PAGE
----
Donations to the Komen for the Cure breast cancer charity have jumped 100% following the announcement that it is ending its relationship with the Planned Parenthood abortion business.
Nancy Brinker, the founder and CEO of the Komen Foundation, made the announcement today on a conference call with reporters telling them the organization is “singularly focused” on combating breast cancer, and that the politics of the decision to stop funding Planned Parenthood has been distracting from their mission.
“Our donations are up 100 percent in the past two days. With all of the emotion around these issues — which we understand, we get emotional too, we do this every single day of our lives,” Brinker said.
“We regret that these new policies have impacted some longstanding grantees, such as Planned Parenthood, but want to be absolutely clear that our grant-making decisions are not about politics,” Komen said in a statement Wednesday. “Throughout our 30 year history, our priority has always been and will continue to be the women we serve. As we move forward, we are working to ensure that there is no interruption or gaps in services for the women who need our support most in the fight against breast cancer.”
UPDATE: Komen has raised $1 million while Planned Parenthood has pulled in $500,000 since the decision.
The figures comes after Planned Parenthood indicated it has raised $400,000 since Komen for the Cure made its decision to cut hundreds of thousands of dollars from the abortion giant due to a change in grant-making policies.
The abortion business said late Wednesday that it received more than $400,000 from 6,000 donors in the 24 hours following the news that Komen had made the decision last month to end Planned Parenthood funding. Andrea Hagelgans, a Planned Parenthood spokeswoman, told AP the abortion business appreciated the support from its members.
“People respond powerfully when they see politics interfering with women’s health,” she said. “These donations will continue to help expand Planned Parenthood’s critical health care services nationwide, especially those affiliates impacted by the Komen cuts.”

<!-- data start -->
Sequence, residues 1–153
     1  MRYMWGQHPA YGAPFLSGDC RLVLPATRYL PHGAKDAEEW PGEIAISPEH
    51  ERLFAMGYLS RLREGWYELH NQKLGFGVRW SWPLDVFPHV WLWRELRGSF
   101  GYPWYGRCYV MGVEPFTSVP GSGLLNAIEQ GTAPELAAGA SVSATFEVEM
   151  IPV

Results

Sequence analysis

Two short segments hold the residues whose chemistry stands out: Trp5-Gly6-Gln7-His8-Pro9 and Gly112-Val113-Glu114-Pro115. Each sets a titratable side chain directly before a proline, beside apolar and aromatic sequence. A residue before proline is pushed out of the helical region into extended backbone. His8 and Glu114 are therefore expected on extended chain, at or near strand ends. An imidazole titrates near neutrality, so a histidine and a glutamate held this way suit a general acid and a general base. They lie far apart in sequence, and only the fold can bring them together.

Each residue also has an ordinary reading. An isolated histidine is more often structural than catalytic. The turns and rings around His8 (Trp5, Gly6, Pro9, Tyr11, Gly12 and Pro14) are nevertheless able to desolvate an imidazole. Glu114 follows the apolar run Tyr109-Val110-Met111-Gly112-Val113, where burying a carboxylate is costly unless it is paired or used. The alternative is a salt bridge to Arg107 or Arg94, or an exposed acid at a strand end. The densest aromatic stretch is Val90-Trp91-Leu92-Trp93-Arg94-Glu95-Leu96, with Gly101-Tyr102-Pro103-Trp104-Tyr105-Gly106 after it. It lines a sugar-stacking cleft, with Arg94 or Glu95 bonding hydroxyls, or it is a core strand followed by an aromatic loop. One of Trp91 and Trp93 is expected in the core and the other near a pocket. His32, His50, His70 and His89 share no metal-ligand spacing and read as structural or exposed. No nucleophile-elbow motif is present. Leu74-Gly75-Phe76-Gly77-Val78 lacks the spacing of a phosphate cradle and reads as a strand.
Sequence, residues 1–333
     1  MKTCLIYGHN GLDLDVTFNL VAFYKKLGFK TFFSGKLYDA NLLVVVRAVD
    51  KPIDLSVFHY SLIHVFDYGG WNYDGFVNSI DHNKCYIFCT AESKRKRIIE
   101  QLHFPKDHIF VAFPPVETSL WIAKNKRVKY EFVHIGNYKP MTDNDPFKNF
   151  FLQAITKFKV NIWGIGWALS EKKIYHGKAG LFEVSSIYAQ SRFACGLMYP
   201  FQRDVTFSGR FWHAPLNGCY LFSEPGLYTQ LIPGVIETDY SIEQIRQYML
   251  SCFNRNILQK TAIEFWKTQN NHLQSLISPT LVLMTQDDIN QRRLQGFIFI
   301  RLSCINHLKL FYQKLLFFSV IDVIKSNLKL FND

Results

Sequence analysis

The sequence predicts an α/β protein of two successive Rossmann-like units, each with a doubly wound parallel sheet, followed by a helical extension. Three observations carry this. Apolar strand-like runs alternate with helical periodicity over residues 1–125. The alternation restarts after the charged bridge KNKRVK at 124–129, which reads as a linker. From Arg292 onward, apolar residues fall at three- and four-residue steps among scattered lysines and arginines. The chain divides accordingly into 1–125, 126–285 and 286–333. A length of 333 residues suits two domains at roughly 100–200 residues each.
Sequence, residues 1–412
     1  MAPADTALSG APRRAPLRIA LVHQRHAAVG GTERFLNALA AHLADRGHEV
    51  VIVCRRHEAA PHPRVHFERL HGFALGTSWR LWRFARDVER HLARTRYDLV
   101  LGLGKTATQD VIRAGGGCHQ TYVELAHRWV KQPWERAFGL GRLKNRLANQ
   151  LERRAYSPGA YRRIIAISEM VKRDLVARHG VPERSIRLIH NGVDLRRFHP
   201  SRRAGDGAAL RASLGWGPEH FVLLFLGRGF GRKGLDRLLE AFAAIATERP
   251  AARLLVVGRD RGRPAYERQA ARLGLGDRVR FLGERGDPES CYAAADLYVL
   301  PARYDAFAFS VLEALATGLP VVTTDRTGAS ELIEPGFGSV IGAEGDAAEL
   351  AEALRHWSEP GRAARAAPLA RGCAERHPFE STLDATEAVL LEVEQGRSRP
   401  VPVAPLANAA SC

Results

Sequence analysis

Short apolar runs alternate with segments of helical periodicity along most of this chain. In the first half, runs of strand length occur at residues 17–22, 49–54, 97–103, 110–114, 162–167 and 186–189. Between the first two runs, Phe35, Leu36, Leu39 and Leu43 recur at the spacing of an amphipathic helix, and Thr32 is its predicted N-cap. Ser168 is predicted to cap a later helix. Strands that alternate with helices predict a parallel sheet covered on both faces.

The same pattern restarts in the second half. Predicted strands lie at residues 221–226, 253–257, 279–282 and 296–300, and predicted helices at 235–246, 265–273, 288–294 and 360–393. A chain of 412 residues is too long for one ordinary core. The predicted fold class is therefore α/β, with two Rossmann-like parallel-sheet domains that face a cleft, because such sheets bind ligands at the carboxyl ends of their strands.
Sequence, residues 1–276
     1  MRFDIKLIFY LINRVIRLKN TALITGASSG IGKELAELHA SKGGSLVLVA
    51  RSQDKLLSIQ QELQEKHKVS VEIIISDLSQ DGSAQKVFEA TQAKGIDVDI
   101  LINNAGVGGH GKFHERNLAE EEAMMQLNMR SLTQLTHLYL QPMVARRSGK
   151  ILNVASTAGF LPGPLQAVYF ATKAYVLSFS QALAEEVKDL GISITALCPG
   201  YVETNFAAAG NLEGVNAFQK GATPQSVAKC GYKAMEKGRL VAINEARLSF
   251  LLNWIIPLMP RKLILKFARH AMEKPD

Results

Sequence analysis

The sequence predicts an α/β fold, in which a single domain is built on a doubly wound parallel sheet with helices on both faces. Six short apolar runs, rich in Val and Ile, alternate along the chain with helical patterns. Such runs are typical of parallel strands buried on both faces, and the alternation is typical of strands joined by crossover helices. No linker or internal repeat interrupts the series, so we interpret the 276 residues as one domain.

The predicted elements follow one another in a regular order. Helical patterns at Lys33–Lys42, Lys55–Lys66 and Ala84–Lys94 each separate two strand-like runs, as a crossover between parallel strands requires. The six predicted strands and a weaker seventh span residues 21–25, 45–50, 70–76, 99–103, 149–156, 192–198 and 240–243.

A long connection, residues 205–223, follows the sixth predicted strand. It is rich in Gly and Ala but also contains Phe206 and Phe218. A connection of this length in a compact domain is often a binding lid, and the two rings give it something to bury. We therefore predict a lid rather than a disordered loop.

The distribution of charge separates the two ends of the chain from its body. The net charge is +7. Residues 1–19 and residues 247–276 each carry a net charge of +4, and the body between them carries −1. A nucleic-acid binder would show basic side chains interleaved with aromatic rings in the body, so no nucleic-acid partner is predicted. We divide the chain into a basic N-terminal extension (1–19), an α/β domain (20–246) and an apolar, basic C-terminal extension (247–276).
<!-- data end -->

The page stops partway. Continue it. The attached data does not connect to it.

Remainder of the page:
Looking at the controversy, Bethany Mandel of Commentary magazine responds.
“The left immediately went into spin mode, claiming the funds were used for breast screenings and without Komen’s grants, women’s health would be jeopardized. The funds, they claim, went only towards what they were granted to cover: breast screening and education. Remember the part about Planned Parenthood being under congressional investigation? In part, it’s due to charges over misappropriation of funds,” she explained.
“With the freeing up of funds from an organization who do next to nothing for breast health, the Komen Foundation will now be free to use these resources to bankroll organizations who provide wide-ranging breast services for women around the world. For those who are upset that Planned Parenthood will no longer have this grant opportunity, they are free to donate to Planned Parenthood directly (and they are). Given the fact that Planned Parenthood is actually a profitable business (netting $18.5 million last year), if women’s health is truly their top priority, it won’t suffer without Komen,” Mandel explained.
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